Standard safety features include a suite of seven air bags. A rearview camera, blind spot monitoring, lane departure warning and rear cross-path detection are available.

Cost-Effectiveness

Cost-Effectiveness
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With a base price of $17,995, the Jeep Renegade undercuts its competitors. However, that price point outfits this model with the turbo four-cylinder engine and six-speed manual transmission only. Moreover, air conditioning requires a package upgrade, and that alone is a deal killer for many buyers.

Further up the line, the four-wheel drive Renegade Latitude offers a very good starting point for shoppers who want an SUV with off-road possibilities and included equipment such as aluminum wheels, ambient lighting, satellite radio and Bluetooth. Choose the larger engine and automatic transmission and add in navigation, and your final price including destination comes in around $27,365. At this price point the Renegade is at the high end of the subcompact SUV segment.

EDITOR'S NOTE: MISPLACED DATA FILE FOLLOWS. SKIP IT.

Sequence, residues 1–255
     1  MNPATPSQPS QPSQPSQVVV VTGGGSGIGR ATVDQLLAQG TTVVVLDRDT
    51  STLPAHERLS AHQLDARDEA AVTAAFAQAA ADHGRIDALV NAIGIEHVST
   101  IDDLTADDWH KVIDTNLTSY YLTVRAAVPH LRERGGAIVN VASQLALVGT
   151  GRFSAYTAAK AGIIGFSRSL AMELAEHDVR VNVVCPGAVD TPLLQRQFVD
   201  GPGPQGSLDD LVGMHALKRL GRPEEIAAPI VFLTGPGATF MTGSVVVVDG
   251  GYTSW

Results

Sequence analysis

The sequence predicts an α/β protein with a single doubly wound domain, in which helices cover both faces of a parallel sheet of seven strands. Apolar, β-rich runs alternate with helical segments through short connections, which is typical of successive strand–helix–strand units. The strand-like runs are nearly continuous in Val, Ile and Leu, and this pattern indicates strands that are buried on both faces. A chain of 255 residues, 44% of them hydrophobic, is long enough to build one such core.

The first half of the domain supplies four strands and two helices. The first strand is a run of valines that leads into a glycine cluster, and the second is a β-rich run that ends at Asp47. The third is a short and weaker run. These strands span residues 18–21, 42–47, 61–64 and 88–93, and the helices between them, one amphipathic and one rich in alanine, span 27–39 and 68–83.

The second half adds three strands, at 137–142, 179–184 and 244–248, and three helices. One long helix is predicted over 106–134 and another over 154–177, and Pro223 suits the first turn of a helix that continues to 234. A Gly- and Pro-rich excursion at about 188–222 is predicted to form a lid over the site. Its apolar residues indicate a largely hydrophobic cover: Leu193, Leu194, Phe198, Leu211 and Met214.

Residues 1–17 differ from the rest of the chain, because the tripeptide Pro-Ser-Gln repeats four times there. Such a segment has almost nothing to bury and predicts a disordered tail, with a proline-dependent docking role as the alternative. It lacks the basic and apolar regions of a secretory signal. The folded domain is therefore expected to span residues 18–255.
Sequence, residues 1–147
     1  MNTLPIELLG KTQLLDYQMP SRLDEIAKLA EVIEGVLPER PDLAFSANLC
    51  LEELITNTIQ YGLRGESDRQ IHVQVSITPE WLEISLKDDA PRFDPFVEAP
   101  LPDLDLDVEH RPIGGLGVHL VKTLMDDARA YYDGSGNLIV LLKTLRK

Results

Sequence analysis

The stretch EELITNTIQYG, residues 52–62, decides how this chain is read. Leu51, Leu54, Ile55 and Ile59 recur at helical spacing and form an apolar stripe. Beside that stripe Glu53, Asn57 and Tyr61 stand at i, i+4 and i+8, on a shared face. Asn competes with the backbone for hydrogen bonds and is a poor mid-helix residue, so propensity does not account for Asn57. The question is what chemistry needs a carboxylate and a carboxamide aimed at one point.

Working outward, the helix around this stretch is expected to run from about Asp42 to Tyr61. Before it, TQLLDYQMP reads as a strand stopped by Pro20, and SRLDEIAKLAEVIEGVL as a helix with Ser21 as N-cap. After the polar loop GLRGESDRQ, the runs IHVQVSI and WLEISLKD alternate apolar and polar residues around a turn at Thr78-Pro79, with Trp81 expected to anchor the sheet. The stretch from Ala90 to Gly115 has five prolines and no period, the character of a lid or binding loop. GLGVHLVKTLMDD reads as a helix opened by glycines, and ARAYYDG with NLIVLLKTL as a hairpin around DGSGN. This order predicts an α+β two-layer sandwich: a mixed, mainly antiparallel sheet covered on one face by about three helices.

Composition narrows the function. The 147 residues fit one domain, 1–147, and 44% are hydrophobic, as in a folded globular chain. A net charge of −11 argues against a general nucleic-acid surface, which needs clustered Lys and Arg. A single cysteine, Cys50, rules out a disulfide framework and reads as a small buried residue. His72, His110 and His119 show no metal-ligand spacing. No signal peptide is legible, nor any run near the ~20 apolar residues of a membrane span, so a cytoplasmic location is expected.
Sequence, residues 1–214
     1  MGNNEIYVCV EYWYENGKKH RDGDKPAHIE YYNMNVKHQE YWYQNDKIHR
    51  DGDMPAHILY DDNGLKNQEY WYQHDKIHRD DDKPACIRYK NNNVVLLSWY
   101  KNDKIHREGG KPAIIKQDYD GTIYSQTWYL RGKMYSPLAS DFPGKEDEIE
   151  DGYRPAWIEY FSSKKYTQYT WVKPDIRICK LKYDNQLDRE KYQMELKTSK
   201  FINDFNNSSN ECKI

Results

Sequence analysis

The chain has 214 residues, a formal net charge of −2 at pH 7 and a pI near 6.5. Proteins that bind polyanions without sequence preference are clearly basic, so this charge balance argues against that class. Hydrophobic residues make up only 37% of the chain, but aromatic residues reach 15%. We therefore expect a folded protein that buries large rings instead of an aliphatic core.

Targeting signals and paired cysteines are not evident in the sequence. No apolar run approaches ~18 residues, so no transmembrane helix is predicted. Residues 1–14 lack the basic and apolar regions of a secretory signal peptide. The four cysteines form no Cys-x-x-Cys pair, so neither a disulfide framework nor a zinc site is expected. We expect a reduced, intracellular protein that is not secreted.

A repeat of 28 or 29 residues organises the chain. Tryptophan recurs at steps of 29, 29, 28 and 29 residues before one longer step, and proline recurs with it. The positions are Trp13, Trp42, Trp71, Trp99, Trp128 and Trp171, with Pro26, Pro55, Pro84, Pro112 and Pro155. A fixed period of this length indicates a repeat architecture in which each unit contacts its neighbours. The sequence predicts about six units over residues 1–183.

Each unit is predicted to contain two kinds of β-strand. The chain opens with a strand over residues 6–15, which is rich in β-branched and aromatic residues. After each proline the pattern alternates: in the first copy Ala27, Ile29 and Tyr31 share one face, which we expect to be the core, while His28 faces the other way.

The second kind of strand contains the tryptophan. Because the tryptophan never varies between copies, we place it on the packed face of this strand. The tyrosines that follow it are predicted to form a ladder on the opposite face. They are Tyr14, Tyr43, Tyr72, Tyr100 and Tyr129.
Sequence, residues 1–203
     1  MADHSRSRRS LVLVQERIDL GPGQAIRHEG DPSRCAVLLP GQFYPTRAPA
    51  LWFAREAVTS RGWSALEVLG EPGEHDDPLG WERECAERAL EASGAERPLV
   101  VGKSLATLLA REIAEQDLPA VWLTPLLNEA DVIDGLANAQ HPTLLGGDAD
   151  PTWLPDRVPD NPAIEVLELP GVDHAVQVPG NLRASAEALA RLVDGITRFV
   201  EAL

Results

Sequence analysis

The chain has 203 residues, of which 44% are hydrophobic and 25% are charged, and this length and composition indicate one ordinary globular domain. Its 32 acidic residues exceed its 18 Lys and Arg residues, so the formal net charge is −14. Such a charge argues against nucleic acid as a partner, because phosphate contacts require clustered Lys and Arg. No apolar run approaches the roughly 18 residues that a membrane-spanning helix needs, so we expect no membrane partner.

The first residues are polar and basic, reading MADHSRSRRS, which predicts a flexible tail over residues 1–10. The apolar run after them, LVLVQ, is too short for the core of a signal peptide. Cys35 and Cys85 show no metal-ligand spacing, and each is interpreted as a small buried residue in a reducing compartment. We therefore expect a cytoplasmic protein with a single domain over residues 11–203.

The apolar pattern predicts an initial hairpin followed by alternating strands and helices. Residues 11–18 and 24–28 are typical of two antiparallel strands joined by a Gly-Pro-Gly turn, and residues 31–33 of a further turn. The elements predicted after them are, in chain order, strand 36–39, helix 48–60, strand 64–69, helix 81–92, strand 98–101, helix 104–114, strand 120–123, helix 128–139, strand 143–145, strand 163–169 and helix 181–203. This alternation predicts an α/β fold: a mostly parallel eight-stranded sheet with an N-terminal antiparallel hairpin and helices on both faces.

Overall

Overall
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The Jeep Renegade is similar to the Fiat 500X and both models are built at the same assembly plant in Italy. The Fiat comes across as more refined and is configured primarily for on-road driving. The Renegade’s competitors include the Mazda CX-3, Honda HR-V, Chevrolet Trax, Mini Countryman, Subaru Crosstrek, Buick Encore and Nissan Juke.

The Jeep Renegade gives buyers off-road possibilities not available elsewhere in the segment, especially in the Trailhawk edition. As a bonus, four-wheel drive models have a 2,000-pound towing capacity.